• Input $$X$$. (We want to find all $$(n, k)$$ such that $$\binom{n}{k} = X$$.)

• For each $$k \ge 1$$ such that $$4^k/(2k + 1) < X$$,

• Let $$m$$ be the smallest number such that $$m^k \ge k!X$$.

• For each $$n$$ from $$\max(m, 2k)$$ to $$m + k$$ (inclusive),

• If $$\binom{n}{k} = X$$, yield $$(n, k)$$ and $$(n, n-k)$$.

It is written in Python (chose this language for readability and native big integers, not for speed). It is careful to use only integer arithmetic, to avoid any errors due to floating-point precision.

The version below is optimized to avoid recomputing $$\binom{n+1}{k}$$ from scratch after having computed $$\binom{n}{k}$$; this speeds it up so that for instance for $$\binom{1234}{567}$$ (a $$369$$-digit number) it takes (on my laptop) 0.4 seconds instead of the 50 seconds taken by the unoptimized version in the first revision of this answer.

#!/usr/bin/env python
from __future__ import division
import math

def binom(n, k):
"""Returns n choose k, for nonnegative integer n and k"""
assert k >= 0
assert n >= 0
assert k == int(k)
assert n == int(n)
k = min(k, n - k)
ans = 1
for i in range(k):
ans *= n - i
ans //= i + 1
return ans

def first_over(k, c):
"""Binary search to find smallest value of n for which n^k >= c"""
n = 1
while n ** k < c:
n *= 2
# Invariant: lo**k < c <= hi**k
lo = 1
hi = n
while hi - lo > 1:
mid = lo + (hi - lo) // 2
if mid ** k < c:
lo = mid
else:
hi = mid
assert hi ** k >= c
assert (hi - 1) ** k < c
return hi

def find_n_k(x):
"""Given x, yields all n and k such that binom(n, k) = x."""
assert x == int(x)
assert x > 1
k = 0
while True:
k += 1
# https://math.stackexchange.com/a/103385/205
if (2 * k + 1) * x <= 4**k:
break
nmin = first_over(k, math.factorial(k) * x)
nmax = nmin + k + 1
nmin = max(nmin, 2 * k)
choose = binom(nmin, k)
for n in range(nmin, nmax):
if choose == x:
yield (n, k)
if k < n - k:
yield (n, n - k)
choose *= (n + 1)
choose //= (n + 1 - k)

if __name__ == '__main__':
import sys
if len(sys.argv) < 2:
print('Pass X in the command to see (n, k) such that (n choose k) = X.')
sys.exit(1)
x = int(sys.argv)
if x == 0:
print('(n, k) for any n and any k > n, and (0, 0)')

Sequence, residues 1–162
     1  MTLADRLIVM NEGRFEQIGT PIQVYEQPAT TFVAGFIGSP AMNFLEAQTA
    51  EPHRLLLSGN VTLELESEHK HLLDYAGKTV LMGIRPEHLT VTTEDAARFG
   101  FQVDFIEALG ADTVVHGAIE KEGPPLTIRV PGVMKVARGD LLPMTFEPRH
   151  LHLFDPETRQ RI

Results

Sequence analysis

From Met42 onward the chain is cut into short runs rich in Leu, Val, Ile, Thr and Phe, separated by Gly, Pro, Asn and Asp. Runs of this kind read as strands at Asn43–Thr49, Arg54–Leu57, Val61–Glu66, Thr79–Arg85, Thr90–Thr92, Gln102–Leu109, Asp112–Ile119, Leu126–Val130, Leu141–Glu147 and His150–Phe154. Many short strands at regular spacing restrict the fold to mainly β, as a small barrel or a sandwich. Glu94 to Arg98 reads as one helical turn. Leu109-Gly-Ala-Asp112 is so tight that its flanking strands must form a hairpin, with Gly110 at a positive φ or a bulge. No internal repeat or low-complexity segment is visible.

sys.exit(0)
if x == 1:
print('(n, 0) and (n, n) for any n, and (1, 1)')
sys.exit(0)
for (n, k) in find_n_k(x):
print('%s %s' % (n, k))


Example runs:

~$$./mse_103377_binom.py 2 2 1 ~$$ ./mse_103377_binom.py 3
3 1
3 2
~$$./mse_103377_binom.py 6 6 1 6 5 4 2 ~$$ ./mse_103377_binom.py 10
10 1
10 9
5 2
5 3
~$$./mse_103377_binom.py 20 20 1 20 19 6 3 ~$$ ./mse_103377_binom.py 55
55 1
55 54
11 2
11 9
~$$./mse_103377_binom.py 120 120 1 120 119 16 2 16 14 10 3 10 7 ~$$ ./mse_103377_binom.py 3003
3003 1
3003 3002
78 2
78 76
15 5
15 10
14 6
14 8
~$$./mse_103377_binom.py 8966473191018617158916954970192684 8966473191018617158916954970192684 1 8966473191018617158916954970192684 8966473191018617158916954970192683 123 45 123 78 ~$$ ./mse_103377_binom.py 116682544286207712305570174244760883486876241791210077037133735047856714594324355733933738740204795317223528882568337264611289789138133946725471443924278812277695432803500115699090641248357468388106131543801393801287657125117557432072695477147403395443757359171876874010770591355653882772562301453205472707597435095925666815012707478996454360460481159339802667334477440
116682544286207712305570174244760883486876241791210077037133735047856714594324355733933738740204795317223528882568337264611289789138133946725471443924278812277695432803500115699090641248357468388106131543801393801287657125117557432072695477147403395443757359171876874010770591355653882772562301453205472707597435095925666815012707478996454360460481159339802667334477440 1
116682544286207712305570174244760883486876241791210077037133735047856714594324355733933738740204795317223528882568337264611289789138133946725471443924278812277695432803500115699090641248357468388106131543801393801287657125117557432072695477147403395443757359171876874010770591355653882772562301453205472707597435095925666815012707478996454360460481159339802667334477440 116682544286207712305570174244760883486876241791210077037133735047856714594324355733933738740204795317223528882568337264611289789138133946725471443924278812277695432803500115699090641248357468388106131543801393801287657125117557432072695477147403395443757359171876874010770591355653882772562301453205472707597435095925666815012707478996454360460481159339802667334477439
1234 567
1234 667